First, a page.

Table 3. Elemental ratios.

Figure 4. Temporal variation of cations.

The NO3 and TP-PO4 concentration were higher in monsoon season than pre-monsoon. Nutrients, such as nitrogen and phosphorus, are supplied onto the glacier surface by dry and wet depositions [31] . The comparatively variable concentration of NO3 may be due to a larger atmospheric deposition in the higher altitude as findings of the similar studies done by [19] . Other sources of NO3 and TP-PO4 may arise from human impacts.

The chemical characteristics of melt water draining from the Khimsung and Lirung glacier of Langtang valley are given in Table 4. The average concentrations of most of the cations and anions were comparatively higher in Lirung Glacier than Khimsung Glacier. This suggests that the contact time of melt water with sediment beneath the glacier and rate of weathering of Lirung Glacier is higher compared to Khimsung glacier, resulting in higher solute concentration. Moreover, with higher catchment size and area covered by the glacier, the debris cover in the Lirung Glacier [14] [32] could provide more interaction of solutes with water thereby resulting in rapid dissolution.

Figure 5. Temporal variation of nitrate and total phosphorus.

Table 4. Average meltwater chemical concentrations of the khimsung and the lirung glacier.

4. Conclusion

Hydro-chemistry of glacial melt waters of the Langtang Valley was studied. The alkaline nature of pH, high DO, variable TSS and Turbidity were seen typical of the headwaters. Calcium and bicarbonate ions were the dominant cation and anion respectively. Calcium carbonate weathering was the major source of dissolved ions in the region. There has been an increase in the concentration of cations from the past few years, which may be due to increase in chemical weathering due to temperature increase in the basin. Elevated concentration of nitrates and total phosphates are seen compared to previous studies, the effect of human impact in the region. The elemental ratios (Ca/Si and K/Na) were typical of glacial melt water and the low Na/Cl and K/Cl ratios indicated major contribution from atmospheric precipitation to the observed dissolved ions of melt waters. Carbonation reaction involving acid hydrolysis and pure dissolution, consuming protons from atmospheric CO2 were the main proton supplying geochemical reactions controlling the rock weathering in the study area. The average concentrations of most of the cations and anions were comparatively higher in Lirung Glacier than Khimsung Glacier.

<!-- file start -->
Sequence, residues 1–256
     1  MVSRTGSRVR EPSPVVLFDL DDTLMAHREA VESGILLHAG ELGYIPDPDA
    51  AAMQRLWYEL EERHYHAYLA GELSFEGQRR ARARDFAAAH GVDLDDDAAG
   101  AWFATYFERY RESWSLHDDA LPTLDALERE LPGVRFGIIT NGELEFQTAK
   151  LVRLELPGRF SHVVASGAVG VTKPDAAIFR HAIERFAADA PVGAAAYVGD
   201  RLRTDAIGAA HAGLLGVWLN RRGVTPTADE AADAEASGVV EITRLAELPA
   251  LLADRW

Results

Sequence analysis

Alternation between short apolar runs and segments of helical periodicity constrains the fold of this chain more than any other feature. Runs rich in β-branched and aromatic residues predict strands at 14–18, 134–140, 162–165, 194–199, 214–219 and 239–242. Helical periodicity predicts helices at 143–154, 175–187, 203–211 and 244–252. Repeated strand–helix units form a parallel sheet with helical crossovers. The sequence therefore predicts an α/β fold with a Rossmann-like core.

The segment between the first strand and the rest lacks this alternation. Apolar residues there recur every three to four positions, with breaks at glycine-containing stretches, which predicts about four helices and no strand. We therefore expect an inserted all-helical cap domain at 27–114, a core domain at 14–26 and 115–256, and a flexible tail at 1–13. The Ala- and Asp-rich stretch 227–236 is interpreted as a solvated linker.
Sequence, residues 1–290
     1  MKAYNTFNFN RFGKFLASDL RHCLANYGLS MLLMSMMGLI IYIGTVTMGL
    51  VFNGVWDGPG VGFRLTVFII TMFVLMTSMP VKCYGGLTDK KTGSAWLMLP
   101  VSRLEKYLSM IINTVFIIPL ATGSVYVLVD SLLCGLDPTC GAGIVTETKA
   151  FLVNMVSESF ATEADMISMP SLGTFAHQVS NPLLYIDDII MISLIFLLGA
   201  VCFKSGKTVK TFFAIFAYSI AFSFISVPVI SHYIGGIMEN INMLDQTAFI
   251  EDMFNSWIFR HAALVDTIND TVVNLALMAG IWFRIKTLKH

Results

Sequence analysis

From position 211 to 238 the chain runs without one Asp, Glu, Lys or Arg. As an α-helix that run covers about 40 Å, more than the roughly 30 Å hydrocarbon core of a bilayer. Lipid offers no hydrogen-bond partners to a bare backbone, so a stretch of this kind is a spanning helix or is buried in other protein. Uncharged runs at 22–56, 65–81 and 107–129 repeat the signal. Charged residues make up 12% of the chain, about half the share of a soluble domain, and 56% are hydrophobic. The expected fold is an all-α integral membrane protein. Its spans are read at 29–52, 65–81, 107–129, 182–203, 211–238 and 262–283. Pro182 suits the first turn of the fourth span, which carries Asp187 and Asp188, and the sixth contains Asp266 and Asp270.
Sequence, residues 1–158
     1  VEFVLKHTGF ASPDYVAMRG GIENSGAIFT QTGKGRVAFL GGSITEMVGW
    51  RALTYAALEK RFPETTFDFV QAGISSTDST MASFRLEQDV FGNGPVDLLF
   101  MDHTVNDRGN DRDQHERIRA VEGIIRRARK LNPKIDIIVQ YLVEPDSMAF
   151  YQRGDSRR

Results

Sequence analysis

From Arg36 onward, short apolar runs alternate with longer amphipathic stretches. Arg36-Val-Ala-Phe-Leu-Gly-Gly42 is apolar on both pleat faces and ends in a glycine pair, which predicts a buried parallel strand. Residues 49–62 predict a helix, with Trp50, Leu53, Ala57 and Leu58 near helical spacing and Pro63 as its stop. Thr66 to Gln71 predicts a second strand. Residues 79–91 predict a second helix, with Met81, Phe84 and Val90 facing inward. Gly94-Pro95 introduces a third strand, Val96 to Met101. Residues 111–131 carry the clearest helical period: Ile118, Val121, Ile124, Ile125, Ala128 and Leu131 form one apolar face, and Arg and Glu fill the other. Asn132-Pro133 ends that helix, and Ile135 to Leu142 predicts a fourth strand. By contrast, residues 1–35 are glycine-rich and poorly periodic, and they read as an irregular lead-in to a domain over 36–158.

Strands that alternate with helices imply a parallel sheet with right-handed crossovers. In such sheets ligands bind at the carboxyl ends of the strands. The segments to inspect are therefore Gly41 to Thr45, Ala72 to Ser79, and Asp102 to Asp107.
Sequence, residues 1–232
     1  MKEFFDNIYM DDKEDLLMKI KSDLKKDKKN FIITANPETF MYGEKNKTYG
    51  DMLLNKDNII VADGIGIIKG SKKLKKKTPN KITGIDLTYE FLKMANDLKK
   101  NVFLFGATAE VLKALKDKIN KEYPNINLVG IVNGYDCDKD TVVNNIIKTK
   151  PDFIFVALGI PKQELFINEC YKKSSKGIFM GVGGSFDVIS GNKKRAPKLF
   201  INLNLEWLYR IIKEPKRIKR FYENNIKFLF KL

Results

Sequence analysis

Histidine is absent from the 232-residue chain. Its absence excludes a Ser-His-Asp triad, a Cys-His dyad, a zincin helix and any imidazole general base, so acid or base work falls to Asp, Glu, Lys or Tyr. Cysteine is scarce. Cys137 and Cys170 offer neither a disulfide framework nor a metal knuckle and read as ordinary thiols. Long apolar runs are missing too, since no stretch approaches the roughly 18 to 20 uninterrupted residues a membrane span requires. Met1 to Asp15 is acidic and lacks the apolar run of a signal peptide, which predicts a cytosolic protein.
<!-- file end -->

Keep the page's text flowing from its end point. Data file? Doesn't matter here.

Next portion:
We are very grateful to the Partnership for Enhanced Engagement in Research (PEER) Science Project funded by the United States Agency for International Development (USAID) through the National Science Foundation (NSF), USA for supporting this research. We are also thankful to the Department of National Park and Wild Life Conservation, GoN and all the members of Himalayan Cryosphere, Climate and Disaster Research Center, Kathmandu University for their kind cooperation while conducting this research.